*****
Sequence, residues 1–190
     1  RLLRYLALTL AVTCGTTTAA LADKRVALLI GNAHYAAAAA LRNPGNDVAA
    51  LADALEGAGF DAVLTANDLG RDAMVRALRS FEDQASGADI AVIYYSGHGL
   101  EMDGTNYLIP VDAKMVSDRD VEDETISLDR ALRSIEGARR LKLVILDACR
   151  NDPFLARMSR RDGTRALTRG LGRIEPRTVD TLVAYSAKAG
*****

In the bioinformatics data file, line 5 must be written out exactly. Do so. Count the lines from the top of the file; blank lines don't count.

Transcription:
   151  NDPFLARMSR RDGTRALTRG LGRIEPRTVD TLVAYSAKAG